Review by Dorris Willoughby
These excellent booklets offer concise, practical advice far helping blind infants and children learn to talk and communicate meaningfully.
The first booklet discusses the general development of speech, beginning with the first nonverbval communication of the tiny infant. A child's first limited words have widely varying meanings, and the parents responses help the child widen his vocabulary and learn to socialize. Adults should draw the child meaningfully into conversations. Unnecessary distractions, such as constant loud TV, should be avoided.
"Your child is like other children, but he does have special, needs because of his visual impairment." Comments like this one help to bring perspective, avoiding the idea that blind children's needs are wholly different, and yet bringing out ideas that help blind children specifically.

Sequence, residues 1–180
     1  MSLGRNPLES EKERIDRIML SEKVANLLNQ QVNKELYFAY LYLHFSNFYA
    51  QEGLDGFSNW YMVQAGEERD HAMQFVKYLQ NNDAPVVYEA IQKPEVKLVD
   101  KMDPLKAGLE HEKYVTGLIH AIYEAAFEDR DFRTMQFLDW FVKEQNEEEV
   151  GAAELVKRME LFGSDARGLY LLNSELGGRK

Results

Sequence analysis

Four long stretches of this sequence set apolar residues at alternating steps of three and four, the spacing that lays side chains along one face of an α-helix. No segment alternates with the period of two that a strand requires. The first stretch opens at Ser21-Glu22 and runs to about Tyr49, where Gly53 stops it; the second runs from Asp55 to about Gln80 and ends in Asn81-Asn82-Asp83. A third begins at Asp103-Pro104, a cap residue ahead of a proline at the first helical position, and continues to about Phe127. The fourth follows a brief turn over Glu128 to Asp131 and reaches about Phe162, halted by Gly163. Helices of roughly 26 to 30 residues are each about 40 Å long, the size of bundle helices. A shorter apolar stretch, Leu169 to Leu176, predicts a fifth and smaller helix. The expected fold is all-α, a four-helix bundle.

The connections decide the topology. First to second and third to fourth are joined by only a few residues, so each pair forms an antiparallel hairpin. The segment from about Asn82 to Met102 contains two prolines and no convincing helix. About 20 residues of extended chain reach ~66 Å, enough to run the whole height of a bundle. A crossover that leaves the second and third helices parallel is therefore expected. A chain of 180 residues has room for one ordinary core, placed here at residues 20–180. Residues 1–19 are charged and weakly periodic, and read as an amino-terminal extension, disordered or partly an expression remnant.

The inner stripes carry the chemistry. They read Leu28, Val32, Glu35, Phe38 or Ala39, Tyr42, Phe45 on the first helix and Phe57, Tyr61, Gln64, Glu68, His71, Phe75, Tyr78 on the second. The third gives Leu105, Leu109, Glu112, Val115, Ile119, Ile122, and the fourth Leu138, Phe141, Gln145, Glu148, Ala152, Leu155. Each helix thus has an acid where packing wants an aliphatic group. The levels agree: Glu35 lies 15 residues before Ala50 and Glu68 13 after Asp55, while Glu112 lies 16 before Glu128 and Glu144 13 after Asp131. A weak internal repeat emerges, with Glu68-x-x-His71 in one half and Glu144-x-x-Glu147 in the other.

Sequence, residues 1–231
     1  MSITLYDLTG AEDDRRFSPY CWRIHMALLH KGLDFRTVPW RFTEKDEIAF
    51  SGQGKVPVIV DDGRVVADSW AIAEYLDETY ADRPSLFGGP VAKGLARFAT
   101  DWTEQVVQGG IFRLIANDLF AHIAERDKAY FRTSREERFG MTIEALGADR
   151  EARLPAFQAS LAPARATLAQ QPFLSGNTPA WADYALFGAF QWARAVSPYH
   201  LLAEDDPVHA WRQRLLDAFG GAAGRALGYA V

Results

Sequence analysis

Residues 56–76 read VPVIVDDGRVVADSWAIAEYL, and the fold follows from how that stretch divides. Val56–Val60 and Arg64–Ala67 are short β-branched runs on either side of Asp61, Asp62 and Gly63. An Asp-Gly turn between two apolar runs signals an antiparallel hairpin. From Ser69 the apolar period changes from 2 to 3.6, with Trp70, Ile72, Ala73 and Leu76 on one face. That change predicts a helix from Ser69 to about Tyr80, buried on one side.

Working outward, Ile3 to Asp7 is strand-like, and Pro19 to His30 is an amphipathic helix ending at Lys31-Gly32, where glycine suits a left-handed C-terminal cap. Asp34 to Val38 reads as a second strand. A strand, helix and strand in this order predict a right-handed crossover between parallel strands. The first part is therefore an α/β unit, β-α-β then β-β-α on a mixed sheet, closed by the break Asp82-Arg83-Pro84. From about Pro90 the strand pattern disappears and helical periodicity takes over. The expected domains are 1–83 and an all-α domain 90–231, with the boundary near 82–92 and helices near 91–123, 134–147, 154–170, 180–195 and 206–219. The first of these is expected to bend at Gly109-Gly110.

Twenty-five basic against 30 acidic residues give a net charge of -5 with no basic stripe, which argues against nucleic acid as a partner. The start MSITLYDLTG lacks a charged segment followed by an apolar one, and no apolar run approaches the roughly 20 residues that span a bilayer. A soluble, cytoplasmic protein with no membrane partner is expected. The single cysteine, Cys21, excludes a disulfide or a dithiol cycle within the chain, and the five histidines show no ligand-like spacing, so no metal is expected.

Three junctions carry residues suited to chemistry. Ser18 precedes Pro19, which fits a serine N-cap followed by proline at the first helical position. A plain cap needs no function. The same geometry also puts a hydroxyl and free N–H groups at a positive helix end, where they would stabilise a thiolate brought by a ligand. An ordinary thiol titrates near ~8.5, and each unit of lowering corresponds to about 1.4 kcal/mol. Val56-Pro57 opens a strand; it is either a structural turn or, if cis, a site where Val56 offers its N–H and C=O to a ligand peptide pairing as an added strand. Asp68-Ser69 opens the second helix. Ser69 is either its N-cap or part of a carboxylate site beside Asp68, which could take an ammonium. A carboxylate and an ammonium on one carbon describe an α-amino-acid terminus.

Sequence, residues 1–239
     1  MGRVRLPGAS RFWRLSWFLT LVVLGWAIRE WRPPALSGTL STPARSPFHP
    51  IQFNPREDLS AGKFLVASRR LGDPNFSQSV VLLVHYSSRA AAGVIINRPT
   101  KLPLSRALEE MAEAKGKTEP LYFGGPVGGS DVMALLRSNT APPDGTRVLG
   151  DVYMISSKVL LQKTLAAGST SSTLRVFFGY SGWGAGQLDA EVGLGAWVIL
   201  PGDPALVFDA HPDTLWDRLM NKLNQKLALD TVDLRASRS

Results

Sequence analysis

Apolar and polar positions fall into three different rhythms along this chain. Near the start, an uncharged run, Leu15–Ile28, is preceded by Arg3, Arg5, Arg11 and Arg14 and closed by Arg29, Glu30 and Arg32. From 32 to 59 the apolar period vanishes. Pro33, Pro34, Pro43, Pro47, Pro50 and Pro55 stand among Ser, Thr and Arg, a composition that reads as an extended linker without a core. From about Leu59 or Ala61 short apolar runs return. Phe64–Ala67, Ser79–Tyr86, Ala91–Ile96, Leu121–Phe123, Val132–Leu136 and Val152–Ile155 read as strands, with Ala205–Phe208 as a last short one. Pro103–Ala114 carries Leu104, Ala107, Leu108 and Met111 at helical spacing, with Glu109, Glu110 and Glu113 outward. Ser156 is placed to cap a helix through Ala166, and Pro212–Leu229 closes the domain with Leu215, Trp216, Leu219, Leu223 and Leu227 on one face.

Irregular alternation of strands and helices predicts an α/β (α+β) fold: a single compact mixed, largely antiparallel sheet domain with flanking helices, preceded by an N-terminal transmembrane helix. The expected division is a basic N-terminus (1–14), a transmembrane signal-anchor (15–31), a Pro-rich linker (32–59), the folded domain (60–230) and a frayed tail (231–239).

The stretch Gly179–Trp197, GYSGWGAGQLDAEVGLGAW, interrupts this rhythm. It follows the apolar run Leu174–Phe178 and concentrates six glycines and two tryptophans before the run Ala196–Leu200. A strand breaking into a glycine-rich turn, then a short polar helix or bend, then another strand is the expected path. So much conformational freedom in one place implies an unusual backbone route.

The second booklet continues with the same gentle and practical approach, and focuses on three "common concerns:" (1) repeating words and phrases over and over; (2) inappropriate or repetitive questions; and (3) trouble in using pronouns. Unfortunately, however, (despite some remarks to the contrary), Book II says that most totally blind children have problems such as this. I hope that the next revision makes it clear that these are problems which sometimes occur.
Special funding has made these booklets (and others being developed) available free in both English and Spanish. Write to: Blind Childrens Center, 4120 Marathon Street, P.O. Box 29159, Los Angeles, CA 90029-0159. The Blind Childrens Center is a nonprofit organization sponsored by the Delta Gamma Alumnae.
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